“It is expected that he [will address] the substantial amount of activity outlined in last February’s [housing white paper] as well as other outstanding housing policies that are still being implemented, such as the letting agency fees ban, facilitating the UK house-buying process and understanding and tackling the challenges faced by the social housing sector.
“In the past few months, the Conservative government has taken positive steps to address the UK housing crisis and hopefully Dominic Raab will be able to quickly continue with the task at hand and is able to contribute to the political push required in order to prioritise housing on the government’s ‘to-do’ list.”
Noel Meredith, executive director at United Trust Bank, added: “The revolving door at the housing minister’s office strikes again.
“For an issue which most people would like to see the government assign top priority, there’s a history of ministers just ‘passing through’ the ‘housing’ brief rather than digging in and delivering real change.”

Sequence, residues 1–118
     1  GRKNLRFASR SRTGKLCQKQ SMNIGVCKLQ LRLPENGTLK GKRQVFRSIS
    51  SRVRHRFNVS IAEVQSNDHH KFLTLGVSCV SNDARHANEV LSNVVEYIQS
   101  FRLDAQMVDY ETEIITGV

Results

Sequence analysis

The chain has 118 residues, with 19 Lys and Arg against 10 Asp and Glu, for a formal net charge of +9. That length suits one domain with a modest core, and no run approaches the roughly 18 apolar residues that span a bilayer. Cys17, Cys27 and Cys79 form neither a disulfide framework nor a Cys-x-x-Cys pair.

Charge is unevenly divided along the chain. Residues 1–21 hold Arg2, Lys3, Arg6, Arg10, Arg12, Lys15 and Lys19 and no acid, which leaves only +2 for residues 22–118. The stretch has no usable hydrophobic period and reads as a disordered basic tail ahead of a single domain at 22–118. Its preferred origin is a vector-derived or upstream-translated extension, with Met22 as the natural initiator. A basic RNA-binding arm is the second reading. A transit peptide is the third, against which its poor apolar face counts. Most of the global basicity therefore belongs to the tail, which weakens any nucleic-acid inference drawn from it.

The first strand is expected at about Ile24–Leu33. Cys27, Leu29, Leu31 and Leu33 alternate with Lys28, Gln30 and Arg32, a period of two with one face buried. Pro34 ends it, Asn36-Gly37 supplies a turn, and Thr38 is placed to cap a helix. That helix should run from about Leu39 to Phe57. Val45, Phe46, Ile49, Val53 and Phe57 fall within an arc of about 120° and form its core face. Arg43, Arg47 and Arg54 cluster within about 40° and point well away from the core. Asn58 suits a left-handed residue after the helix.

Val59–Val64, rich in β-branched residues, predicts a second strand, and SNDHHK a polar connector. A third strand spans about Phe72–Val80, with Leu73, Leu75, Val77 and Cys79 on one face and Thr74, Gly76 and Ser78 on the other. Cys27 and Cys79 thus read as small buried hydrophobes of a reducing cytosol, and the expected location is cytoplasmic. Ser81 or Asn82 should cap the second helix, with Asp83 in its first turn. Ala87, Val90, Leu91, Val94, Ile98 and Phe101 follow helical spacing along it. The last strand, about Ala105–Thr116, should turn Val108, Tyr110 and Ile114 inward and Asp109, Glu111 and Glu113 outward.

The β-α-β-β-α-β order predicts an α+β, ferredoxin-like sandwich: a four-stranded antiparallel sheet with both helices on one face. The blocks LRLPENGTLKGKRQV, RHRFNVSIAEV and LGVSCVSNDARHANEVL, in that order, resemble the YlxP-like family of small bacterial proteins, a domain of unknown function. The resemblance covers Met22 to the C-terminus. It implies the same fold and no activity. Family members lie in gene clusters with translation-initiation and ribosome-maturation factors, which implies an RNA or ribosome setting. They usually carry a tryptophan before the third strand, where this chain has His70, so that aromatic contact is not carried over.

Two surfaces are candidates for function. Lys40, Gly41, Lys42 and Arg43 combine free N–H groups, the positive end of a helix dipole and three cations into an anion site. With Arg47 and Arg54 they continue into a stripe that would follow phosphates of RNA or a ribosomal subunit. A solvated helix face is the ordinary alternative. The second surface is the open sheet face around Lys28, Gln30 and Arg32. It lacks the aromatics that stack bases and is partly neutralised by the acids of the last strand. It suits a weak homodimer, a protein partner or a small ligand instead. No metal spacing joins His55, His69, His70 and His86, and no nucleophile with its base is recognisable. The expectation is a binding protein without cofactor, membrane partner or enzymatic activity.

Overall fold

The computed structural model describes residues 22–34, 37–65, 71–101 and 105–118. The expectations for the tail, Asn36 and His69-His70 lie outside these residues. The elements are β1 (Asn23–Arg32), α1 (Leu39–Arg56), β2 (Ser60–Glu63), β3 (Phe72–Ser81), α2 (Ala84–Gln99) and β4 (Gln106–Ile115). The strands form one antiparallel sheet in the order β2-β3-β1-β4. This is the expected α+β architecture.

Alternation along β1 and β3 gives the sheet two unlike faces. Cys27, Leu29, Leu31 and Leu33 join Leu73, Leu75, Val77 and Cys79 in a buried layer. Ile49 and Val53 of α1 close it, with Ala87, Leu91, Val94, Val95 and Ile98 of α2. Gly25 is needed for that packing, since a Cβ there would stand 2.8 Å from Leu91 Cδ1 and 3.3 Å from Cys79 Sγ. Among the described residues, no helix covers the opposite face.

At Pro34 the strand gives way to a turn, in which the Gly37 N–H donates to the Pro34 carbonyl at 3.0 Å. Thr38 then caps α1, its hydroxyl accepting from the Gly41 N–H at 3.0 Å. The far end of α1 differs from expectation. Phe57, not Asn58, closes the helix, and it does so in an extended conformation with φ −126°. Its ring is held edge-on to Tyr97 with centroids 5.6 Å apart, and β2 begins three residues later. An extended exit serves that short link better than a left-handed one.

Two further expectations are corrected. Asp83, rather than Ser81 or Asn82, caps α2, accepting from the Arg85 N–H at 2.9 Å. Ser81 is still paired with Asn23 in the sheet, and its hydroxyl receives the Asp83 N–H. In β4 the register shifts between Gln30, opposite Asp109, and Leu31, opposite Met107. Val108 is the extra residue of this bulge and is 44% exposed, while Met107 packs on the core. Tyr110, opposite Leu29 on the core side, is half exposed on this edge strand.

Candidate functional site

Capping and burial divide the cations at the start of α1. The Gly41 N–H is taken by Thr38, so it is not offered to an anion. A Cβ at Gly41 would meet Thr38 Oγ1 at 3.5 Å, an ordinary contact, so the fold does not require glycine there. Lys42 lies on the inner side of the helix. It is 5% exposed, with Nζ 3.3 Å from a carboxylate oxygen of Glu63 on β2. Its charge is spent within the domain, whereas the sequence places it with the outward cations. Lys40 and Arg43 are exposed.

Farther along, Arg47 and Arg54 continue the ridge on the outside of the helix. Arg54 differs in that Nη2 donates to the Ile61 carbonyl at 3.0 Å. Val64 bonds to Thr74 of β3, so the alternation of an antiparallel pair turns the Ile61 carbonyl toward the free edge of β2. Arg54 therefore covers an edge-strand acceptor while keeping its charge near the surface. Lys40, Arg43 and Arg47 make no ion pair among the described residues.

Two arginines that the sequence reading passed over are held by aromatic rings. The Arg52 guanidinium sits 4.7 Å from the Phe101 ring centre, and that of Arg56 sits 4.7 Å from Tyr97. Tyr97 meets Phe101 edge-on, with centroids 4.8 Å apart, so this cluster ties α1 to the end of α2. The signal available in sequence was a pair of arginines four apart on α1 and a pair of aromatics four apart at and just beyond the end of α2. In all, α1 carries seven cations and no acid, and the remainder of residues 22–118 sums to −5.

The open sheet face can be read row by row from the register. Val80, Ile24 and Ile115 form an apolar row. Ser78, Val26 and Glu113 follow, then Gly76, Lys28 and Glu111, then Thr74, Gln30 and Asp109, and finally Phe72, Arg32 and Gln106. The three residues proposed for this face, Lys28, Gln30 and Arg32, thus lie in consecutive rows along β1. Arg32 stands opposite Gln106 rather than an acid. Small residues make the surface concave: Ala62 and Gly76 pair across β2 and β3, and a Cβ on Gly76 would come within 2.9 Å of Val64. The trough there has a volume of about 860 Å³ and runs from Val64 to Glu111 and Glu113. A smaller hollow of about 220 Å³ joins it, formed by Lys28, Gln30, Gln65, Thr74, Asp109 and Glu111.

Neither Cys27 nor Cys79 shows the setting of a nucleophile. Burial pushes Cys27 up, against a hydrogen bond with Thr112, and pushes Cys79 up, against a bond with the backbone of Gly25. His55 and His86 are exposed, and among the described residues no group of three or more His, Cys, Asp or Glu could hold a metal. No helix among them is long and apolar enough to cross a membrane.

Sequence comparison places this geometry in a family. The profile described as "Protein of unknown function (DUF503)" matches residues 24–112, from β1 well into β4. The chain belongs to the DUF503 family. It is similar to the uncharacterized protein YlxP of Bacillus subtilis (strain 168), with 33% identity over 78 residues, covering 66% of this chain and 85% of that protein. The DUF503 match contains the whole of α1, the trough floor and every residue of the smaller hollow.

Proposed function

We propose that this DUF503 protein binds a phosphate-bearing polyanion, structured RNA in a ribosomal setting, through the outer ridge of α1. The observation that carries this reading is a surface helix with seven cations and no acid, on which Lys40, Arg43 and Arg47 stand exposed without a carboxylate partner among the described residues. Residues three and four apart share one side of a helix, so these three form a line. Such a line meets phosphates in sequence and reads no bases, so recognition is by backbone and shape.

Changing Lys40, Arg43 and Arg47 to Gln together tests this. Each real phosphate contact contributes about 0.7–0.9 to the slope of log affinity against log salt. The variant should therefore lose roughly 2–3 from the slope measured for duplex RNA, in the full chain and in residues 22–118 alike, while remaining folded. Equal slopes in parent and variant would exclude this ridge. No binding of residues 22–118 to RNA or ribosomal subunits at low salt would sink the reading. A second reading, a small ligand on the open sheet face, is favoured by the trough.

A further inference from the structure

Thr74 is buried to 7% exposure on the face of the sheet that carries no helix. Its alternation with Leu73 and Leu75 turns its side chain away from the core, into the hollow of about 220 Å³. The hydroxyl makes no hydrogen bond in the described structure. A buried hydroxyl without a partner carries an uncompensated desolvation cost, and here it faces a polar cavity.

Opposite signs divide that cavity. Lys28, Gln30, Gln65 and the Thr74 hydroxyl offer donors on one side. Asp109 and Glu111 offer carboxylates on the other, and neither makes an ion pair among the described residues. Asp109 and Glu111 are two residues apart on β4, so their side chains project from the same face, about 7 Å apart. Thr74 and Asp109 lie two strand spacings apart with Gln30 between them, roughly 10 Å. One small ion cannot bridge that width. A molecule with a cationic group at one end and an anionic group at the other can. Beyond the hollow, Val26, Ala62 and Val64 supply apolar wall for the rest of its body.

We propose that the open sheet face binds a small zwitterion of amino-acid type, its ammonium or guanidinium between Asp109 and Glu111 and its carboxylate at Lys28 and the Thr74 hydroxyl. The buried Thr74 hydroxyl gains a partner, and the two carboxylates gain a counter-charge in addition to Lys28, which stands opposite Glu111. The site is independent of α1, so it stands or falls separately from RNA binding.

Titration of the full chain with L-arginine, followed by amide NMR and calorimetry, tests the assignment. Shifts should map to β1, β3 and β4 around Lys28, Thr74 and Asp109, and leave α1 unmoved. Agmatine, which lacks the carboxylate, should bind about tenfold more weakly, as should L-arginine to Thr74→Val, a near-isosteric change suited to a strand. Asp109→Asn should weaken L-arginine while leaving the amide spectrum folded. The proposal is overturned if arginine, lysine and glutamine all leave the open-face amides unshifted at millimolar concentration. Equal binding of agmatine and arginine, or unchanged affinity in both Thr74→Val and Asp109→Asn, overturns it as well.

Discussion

Noel believed that this role was crying out for some stability and continuity.
“Dominic Raab will work closely with Sajid Javid, and now that Mr Javid has had the word ‘housing’ added to his ‘secretary of state for housing, communities and local government’ title, hopefully this indicates a promotion of its importance to Mrs May and an understanding that it’s one of the biggest issues facing the UK, second only to Brexit perhaps.
“It does at least mean that ‘housing’ will be represented at cabinet.
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“Mr Raab has been tipped as a future Conservative Party leader and there’s plenty of opportunity for him to make his name by leading some significant change to the UK’s underinvested planning system, tackling the development land shortage and introducing some much-needed supply-side stimulus to keep Britain building.